Oh well, maybe you think he could get in through the "Humanitarian Relief" based immigration? Well, don't think so.

    So tell me again how he could have ever made it through the legal process?

  • Sam Adams Apr 9, 2015
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    Certainly, but obviously we are not talking about those who are here either on a Green Card or on a F-1 student visa. This bill is aimed at those who are here illegally, plain and simple.

  • Chris Vet Apr 9, 2015
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    One can be a legal student in the US without being a US citizen.

  • Collin McLoud Apr 9, 2015
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    He can IF he follows the proper procedures and spelled out by law. Almost 650,000 did in 2014. He's no exception.

  • Arch Maker Apr 9, 2015
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    Perhaps this is the problem with our immigration debate. There are people that actually think this kid had the possibility through our existing laws to ever become a legal citizen.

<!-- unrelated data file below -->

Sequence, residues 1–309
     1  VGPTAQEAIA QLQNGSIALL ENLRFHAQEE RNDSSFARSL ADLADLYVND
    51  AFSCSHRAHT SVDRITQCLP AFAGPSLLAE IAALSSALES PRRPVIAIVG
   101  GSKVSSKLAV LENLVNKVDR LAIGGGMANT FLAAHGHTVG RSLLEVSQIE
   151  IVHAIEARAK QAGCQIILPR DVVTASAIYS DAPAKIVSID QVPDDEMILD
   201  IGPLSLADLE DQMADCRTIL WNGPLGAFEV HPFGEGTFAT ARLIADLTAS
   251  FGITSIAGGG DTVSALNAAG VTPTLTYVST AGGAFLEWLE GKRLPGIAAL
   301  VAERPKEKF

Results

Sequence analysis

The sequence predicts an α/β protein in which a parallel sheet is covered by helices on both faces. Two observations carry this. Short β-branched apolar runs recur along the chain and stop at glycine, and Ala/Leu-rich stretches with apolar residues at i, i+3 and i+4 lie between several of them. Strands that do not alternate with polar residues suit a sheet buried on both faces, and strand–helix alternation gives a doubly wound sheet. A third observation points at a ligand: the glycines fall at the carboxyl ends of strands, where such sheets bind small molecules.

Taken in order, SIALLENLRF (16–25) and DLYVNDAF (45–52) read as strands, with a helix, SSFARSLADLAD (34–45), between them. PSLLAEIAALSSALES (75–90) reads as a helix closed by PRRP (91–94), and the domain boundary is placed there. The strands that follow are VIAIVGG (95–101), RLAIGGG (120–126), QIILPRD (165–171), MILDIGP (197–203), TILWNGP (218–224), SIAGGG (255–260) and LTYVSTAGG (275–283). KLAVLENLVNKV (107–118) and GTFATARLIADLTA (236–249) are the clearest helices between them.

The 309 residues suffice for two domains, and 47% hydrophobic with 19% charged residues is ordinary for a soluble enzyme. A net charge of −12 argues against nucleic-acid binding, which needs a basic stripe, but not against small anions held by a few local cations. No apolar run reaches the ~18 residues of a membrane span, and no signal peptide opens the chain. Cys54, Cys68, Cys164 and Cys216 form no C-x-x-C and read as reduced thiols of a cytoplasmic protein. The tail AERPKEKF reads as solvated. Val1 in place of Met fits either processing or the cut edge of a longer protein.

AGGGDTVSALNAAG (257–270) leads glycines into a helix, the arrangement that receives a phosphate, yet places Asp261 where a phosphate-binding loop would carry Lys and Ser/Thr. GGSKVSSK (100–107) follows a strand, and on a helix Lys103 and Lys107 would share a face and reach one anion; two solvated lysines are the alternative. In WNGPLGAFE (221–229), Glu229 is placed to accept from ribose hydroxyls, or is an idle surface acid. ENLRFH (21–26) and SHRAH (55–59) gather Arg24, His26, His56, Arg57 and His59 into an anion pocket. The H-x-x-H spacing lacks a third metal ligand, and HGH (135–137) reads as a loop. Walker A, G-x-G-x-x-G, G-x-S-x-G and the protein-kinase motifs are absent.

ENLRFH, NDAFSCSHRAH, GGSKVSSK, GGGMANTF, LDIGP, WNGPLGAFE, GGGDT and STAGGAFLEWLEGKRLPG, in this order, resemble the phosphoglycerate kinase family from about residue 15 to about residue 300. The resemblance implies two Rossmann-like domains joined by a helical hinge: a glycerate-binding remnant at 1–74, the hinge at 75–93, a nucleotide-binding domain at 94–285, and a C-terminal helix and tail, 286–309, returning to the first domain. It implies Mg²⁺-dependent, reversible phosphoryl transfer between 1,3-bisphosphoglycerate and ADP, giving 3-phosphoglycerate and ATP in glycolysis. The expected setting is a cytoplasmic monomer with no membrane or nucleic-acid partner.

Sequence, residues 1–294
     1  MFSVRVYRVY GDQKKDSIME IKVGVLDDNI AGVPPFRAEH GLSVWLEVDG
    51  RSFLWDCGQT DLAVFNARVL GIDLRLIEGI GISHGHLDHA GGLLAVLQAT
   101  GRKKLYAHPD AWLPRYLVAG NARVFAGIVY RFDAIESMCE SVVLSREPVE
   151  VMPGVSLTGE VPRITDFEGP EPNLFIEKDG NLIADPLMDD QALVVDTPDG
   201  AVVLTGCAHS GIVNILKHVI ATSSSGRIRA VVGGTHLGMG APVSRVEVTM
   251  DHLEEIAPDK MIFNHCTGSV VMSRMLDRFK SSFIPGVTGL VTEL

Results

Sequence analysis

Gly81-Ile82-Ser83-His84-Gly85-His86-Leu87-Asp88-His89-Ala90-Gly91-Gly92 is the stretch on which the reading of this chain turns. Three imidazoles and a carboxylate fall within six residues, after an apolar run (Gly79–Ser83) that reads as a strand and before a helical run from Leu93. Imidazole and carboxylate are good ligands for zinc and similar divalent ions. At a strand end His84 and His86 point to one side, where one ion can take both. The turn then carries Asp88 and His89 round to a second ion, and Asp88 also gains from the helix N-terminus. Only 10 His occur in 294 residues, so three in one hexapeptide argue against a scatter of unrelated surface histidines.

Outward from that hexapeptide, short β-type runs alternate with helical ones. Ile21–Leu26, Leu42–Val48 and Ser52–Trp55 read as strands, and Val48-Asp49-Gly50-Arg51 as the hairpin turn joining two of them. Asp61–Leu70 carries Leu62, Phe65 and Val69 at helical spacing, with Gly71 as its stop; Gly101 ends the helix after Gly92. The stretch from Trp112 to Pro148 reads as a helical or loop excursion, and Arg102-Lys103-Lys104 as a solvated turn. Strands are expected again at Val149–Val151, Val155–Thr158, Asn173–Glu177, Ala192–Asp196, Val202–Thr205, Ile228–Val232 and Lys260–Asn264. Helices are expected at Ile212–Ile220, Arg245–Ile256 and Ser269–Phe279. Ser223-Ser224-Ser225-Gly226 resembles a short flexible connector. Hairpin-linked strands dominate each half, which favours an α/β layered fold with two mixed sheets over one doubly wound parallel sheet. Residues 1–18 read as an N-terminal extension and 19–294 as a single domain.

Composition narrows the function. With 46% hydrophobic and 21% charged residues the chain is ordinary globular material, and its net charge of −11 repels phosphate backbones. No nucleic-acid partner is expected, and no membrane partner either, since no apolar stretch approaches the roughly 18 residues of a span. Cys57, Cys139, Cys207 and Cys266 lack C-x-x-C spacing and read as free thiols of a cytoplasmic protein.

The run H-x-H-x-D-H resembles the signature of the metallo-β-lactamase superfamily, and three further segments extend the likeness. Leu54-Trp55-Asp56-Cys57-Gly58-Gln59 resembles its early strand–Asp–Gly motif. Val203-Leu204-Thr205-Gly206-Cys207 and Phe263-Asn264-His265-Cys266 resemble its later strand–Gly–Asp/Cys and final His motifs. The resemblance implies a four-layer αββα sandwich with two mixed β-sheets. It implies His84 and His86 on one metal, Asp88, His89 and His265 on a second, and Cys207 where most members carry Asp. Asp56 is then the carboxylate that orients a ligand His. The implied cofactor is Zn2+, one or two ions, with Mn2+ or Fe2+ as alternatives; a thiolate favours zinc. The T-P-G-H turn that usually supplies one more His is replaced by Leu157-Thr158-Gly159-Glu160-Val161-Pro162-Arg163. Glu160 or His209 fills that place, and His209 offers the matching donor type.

• Kristin Byrne Apr 9, 2015
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    Sounds similar to what happened to me. I attended NCSU as an out-of-state student from 1999-2002. I took a short break from school in order to work to earn money to finish paying for my education. I had gotten a NCDL in January 2001, had been working in NC since December 2000, and had gotten my own apartment in Raleigh. I attended Wake Tech from 2003-2004 (finishing my required classes for MUCH less $$$) and was considered an in-state student. When I went back to NCSU, they denied my in-state student application, and I had to appeal. I eventually won, but it was still a pain nonetheless. At the point of my appeal, I had spent the equivalent of 2 weeks in NY, and no longer had much family there.

    If I could go through the right channels to get in-state tuition, why can't other people?